By: Natalie Engler
Some direct mail is so eye-catching, it borders on fine art. But does it generate business?
A year ago, Brea Olson, a marketing manager in Denver, received a direct mail postcard that caught her eye. Promoting an offer from online shoe retailer Piperlime, the card was designed to look like the green citrus fruit. Olson doesn’t recall her exact response to the message — but she knows that she couldn’t ignore it. A year later, that lime-shaped postcard still hangs in her kitchen.
Lin Ennis knows this experience well. A decade back, she stumbled across a direct mail postcard with the word “create” printed across it. Ten years later, its offer long since expired, that card still adorns her office wall. “It’s tattered now,” she says, “but I seem unable to part with it.”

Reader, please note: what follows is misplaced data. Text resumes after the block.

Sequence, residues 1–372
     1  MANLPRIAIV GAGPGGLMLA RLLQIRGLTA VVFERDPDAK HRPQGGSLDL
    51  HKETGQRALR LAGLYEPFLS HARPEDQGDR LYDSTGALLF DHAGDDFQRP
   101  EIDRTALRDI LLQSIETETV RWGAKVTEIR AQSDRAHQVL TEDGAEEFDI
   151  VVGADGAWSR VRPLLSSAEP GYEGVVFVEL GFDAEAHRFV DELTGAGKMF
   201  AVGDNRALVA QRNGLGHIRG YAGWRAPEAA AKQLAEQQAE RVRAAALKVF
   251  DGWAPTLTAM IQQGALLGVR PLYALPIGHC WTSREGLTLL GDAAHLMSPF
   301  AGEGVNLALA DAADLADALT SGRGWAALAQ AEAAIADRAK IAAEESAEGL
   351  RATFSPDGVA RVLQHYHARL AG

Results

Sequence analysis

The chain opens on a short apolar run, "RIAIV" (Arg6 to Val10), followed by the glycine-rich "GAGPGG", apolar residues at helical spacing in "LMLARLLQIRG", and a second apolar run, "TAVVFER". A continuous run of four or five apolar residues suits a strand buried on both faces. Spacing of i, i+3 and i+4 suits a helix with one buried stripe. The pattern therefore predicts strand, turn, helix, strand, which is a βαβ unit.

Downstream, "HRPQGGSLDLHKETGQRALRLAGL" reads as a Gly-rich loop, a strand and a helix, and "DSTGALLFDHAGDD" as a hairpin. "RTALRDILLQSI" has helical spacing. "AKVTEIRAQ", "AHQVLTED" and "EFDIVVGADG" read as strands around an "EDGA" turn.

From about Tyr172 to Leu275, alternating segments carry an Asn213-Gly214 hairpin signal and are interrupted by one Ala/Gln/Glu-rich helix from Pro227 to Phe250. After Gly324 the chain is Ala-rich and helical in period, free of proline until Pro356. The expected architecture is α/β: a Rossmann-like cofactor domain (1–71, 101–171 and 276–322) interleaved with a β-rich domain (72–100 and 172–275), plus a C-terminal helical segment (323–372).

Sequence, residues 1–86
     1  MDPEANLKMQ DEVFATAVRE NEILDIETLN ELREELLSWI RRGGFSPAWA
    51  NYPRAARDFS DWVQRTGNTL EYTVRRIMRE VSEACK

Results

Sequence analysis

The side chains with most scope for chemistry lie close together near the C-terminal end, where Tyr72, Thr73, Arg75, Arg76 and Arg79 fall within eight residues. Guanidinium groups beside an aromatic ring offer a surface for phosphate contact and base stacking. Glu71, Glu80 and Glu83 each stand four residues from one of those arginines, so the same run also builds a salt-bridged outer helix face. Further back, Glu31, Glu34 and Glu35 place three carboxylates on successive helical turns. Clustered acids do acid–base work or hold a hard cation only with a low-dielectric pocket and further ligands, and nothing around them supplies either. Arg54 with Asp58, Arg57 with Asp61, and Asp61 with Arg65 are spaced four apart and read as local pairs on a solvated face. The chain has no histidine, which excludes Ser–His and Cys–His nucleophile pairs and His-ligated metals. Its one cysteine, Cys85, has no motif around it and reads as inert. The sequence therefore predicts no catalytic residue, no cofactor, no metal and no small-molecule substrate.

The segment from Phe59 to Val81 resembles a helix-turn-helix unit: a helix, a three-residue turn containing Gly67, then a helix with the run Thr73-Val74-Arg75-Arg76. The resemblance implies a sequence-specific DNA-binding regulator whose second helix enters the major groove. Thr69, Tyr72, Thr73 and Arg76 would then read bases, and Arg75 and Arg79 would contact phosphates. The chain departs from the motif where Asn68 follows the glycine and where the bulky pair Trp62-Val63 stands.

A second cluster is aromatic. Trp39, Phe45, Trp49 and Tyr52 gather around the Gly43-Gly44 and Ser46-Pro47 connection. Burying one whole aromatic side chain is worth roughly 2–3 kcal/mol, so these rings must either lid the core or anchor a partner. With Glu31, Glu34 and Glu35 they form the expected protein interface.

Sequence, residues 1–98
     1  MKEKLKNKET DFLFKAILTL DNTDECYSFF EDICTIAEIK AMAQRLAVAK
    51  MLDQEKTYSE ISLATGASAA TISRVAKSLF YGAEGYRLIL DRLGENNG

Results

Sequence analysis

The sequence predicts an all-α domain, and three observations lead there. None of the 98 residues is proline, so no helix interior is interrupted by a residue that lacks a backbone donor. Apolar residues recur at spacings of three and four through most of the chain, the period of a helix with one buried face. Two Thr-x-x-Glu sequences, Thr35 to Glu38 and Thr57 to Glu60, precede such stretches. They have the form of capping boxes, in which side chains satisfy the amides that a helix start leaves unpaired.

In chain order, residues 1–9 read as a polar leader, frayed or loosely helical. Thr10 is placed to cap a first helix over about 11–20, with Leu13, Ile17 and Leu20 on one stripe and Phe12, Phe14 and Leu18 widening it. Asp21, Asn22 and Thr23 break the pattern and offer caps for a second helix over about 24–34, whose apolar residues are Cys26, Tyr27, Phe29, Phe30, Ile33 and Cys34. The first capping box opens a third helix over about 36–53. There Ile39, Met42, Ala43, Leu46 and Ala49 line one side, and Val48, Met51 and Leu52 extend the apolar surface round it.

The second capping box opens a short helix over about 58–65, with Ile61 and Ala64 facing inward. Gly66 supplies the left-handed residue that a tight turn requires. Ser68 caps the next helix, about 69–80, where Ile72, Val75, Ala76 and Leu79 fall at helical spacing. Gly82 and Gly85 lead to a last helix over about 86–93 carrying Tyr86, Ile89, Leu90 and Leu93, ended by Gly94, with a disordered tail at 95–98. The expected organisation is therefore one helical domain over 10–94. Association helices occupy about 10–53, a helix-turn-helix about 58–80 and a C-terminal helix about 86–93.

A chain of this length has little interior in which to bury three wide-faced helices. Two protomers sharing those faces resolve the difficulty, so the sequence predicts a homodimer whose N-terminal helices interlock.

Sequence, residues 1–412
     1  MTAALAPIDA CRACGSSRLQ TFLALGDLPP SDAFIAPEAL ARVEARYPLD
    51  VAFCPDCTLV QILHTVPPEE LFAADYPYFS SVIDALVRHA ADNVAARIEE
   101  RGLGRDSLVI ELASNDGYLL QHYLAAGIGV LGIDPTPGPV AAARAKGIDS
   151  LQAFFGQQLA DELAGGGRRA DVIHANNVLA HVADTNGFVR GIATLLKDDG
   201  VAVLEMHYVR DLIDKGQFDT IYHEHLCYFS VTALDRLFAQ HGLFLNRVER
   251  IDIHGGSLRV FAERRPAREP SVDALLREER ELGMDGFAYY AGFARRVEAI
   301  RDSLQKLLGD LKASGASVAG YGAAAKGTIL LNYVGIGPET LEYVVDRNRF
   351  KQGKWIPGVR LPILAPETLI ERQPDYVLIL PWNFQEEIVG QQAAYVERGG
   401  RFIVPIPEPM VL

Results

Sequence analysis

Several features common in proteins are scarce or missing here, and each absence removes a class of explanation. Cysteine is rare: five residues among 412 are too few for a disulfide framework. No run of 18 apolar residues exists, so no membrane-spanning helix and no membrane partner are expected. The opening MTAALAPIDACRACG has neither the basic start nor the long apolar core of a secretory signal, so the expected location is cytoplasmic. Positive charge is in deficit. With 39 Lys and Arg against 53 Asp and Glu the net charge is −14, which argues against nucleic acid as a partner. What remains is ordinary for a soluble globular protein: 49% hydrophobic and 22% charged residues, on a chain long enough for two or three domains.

Olson and Ennis aren’t alone. In offices and homes across the country, mail pieces initially designed to pitch an offer or service have become something more than just another piece of business communication. For many recipients, these pieces are something deeper, richer, more inspiring. No longer just an ad, they are also viewed as art.
We’re not talking just a crude illustration or generic stock photo designed to elicit a passing chuckle, either. Rather, many of the pieces that endure are created by respected artists and fully intend to do more than just prompt a purchase decision. While almost any mail piece can catch someone’s eye for any reason, the pieces that last due to sheer artistic brilliance are almost always intended to do so.
Writer and designer Alison Macmillan has kept several direct mail postcards because they provide inspiration for her own marketing campaigns, she says. Among them is an ad for a water filter, with a photo of a girl in 1950s-style clothing; a nursing services piece celebrating art and soup; and a mailer from an eyewear store that she saved because “the colors draw me in, as does the sultry look of the model in dark glasses.”